Wikinvest Wire

Case Shiller home prices go up ... and down

Tuesday, January 26, 2010

You can make whatever case you want about the direction of U.S. property values given the latest data for the S&P Case-Shiller Home Price Index. As shown below, based on seasonally adjusted data (which only recently started to be reported), home prices rose 0.2 percent in November, but, the non-seasonally adjusted result was a decline of 0.2 percent.

IMAGE [Note: This is an animated .gif - if you don't see it moving, it's not my fault.]

What continues to be odd about this data series is that the seasonally adjusted data doesn't seem to be seasonally adjusted very well at all.

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DLP said...

This is just the beginning --- another ten percent down this year is my guess.

Anonymous said...

Let's hope so. The bottom 60% are out of the housing market at today's prices. Better yet, they should be allowed to build $70,000 homes for themselves. The median price of $200,000 is just too much.

The country will never get out of excessive debt unless the prices come down to the affordable range.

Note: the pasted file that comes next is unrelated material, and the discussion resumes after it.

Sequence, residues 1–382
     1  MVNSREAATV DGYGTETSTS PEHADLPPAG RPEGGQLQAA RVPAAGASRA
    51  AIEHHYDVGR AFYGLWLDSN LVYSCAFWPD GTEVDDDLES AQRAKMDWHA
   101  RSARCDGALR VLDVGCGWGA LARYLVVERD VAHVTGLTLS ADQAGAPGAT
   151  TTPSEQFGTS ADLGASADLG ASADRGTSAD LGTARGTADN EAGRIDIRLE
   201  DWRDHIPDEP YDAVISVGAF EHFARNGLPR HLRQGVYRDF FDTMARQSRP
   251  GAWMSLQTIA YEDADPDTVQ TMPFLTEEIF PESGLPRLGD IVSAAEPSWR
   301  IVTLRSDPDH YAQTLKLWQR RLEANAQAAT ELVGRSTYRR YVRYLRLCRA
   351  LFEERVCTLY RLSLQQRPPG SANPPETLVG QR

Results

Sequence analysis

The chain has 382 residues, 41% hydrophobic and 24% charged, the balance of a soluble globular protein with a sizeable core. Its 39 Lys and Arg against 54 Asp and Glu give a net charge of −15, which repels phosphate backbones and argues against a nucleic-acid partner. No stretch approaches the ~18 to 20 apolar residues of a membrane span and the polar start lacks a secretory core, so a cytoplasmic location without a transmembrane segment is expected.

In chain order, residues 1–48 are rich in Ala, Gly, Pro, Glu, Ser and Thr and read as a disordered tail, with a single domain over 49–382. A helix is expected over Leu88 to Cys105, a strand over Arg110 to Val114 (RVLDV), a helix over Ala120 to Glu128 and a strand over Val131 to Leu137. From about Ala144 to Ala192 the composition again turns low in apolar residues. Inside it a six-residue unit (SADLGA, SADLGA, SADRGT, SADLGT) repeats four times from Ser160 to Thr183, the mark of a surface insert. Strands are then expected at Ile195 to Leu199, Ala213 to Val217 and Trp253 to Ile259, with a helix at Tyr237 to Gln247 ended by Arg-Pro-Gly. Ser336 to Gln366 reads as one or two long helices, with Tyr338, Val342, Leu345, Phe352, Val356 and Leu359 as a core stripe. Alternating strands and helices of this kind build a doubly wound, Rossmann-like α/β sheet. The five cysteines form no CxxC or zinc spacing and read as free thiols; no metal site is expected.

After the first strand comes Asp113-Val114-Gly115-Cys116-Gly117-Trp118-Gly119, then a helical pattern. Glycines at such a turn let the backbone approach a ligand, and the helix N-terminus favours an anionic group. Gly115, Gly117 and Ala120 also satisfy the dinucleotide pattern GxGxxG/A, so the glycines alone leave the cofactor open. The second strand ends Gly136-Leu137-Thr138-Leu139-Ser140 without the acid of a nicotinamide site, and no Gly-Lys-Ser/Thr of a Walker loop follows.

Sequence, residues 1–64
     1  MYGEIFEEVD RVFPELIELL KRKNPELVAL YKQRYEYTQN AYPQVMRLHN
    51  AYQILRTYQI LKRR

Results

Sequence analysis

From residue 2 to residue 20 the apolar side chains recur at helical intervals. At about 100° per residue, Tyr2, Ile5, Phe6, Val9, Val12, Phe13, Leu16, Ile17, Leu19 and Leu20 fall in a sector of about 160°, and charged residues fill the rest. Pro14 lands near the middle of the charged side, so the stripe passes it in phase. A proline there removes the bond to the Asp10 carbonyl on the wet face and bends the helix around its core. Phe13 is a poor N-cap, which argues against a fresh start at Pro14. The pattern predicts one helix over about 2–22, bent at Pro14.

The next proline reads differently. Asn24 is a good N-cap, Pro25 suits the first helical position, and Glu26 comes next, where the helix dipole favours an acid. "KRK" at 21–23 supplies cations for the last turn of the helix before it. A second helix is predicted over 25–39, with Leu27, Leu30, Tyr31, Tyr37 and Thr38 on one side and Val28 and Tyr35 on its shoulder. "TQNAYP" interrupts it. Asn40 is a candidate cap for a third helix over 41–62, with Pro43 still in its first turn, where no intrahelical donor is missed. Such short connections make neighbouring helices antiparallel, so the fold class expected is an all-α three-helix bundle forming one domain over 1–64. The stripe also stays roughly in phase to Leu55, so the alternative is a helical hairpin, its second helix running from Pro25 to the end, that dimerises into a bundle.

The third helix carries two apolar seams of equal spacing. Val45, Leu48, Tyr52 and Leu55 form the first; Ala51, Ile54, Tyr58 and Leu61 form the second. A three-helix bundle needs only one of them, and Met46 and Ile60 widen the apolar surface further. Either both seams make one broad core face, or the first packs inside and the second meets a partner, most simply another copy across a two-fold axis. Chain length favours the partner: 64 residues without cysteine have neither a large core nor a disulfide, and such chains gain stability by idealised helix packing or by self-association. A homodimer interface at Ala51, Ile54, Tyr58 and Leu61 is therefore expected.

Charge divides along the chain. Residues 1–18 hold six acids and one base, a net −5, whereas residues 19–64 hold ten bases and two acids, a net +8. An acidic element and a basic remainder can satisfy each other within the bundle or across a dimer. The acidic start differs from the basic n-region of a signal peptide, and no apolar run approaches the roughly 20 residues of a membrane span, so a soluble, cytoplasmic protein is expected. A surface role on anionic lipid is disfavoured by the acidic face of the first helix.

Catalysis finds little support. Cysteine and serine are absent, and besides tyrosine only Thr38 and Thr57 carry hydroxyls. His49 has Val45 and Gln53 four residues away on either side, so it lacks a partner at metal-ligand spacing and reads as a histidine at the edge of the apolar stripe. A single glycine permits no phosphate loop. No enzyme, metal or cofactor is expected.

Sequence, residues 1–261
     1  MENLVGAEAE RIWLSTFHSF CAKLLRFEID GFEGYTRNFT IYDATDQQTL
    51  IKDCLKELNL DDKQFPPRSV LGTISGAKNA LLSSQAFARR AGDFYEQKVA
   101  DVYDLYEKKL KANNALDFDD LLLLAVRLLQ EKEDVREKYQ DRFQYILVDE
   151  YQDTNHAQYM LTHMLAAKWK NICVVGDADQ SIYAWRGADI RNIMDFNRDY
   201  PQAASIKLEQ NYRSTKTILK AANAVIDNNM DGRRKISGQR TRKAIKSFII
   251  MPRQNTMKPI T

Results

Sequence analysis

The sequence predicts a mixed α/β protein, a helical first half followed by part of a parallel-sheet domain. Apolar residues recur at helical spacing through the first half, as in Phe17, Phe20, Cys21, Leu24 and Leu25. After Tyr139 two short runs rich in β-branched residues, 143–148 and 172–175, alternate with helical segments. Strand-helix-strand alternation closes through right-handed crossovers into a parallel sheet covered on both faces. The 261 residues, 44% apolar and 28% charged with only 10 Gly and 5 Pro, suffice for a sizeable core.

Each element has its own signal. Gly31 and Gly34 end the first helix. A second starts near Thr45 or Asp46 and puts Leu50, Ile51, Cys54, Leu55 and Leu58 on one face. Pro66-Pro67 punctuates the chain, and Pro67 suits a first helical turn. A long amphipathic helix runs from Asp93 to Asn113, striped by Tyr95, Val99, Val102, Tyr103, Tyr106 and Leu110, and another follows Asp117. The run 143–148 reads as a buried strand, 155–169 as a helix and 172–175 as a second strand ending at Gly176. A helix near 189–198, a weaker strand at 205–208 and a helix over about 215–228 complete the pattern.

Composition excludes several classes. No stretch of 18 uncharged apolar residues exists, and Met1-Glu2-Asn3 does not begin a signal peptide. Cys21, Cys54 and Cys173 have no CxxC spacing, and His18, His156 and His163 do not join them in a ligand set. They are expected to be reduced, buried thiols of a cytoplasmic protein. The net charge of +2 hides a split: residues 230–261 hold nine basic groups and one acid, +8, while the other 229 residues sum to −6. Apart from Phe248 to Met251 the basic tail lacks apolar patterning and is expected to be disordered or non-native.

Ted S. said...

The big test comes when the Fed stops buying MBSes in March and the current homebuyer tax credit runs out in April. They'll both probably be extended after a few more months of price declines in this index.

FitnessOver50 said...

I suspect there will be further downward pressure on prices.

Until the economy can improve based on private sector investment vs government dole outs, it is hard to see demand for housing increasing.

Anonymous said...

@TedS. QE is not going to end. All the interested parties need higher nominal asset prices. Housing prices probably decline slowly as other prices (food, energy, taxes) rise.

Anonymous said...

Anonymous at January 26, 2010 9:16 AM, I agree. But are we there yet? Look at the data that is referenced in Bubblemeter Blog, and the median price is close to the norm.

Go to:

Scroll down the page to the link above and you'll see data for major cities. Perhaps another 10% drop and we'll be at the norm. Perhaps houses at the low end will remain steady, but the middle-high and high range homes will correct in order to bring down the median price.

DarkKnight31 said...

Housing boosters have forecast turnarounds repeatedly since the market peaked in 2006, only to be proven wrong by plunging prices. And skeptics say they’re wrong again now. They argue that a deeply indebted consumer, a weak job market, expiring incentives and rising foreclosures spell a quick end to any housing rebound.

Read More:

Marshall70 said...

Housing values are going to continue to get worse as long as people continue to lose their jobs. It isn't just the 10% unemployment rate, its also the underemployment number that is concerning. Even people with jobs are hesitant to buy right now, I'm one of them. It's obviously difficult to predict where housing is headed but given the choice between up 5% or down 15% over the coming year, I'll take down 15%.

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